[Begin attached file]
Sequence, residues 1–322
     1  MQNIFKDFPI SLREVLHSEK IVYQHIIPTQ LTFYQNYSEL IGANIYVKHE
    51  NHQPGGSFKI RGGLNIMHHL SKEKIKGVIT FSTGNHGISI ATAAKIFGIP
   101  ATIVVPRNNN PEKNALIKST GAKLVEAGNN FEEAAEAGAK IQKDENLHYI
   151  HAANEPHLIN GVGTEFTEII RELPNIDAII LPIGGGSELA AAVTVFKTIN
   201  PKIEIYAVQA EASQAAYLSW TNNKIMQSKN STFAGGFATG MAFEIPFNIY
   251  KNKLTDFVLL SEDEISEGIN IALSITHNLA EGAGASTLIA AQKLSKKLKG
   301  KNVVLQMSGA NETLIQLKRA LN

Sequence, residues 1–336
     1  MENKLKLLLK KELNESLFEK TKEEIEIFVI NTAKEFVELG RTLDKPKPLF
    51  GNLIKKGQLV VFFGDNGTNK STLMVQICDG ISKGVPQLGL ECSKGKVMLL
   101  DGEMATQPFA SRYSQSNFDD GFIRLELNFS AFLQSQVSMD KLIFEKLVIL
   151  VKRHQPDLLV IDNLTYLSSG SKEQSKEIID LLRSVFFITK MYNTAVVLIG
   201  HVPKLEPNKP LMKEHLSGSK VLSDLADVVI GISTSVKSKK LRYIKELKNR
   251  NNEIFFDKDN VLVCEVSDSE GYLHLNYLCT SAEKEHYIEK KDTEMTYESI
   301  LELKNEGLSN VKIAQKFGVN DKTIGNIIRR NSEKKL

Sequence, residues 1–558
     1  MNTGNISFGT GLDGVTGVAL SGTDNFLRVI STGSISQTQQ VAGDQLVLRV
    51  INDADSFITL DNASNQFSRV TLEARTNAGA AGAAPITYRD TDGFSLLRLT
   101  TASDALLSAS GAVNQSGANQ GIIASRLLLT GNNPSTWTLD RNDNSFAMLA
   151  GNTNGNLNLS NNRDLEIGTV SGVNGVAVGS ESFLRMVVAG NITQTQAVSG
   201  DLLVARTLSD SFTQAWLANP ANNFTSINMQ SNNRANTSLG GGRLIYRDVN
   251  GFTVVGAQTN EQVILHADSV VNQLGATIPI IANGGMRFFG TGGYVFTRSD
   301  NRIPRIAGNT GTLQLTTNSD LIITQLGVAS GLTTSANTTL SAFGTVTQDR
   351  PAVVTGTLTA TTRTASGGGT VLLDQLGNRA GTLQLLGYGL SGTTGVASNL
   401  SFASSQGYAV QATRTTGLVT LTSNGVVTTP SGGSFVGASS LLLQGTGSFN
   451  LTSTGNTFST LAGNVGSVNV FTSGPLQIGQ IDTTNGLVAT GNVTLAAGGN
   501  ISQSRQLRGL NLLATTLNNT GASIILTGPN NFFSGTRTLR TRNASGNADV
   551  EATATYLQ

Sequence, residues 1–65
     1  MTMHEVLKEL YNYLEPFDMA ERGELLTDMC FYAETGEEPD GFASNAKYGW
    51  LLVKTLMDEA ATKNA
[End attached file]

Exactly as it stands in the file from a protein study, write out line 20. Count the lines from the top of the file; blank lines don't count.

   101  TASDALLSAS GAVNQSGANQ GIIASRLLLT GNNPSTWTLD RNDNSFAMLA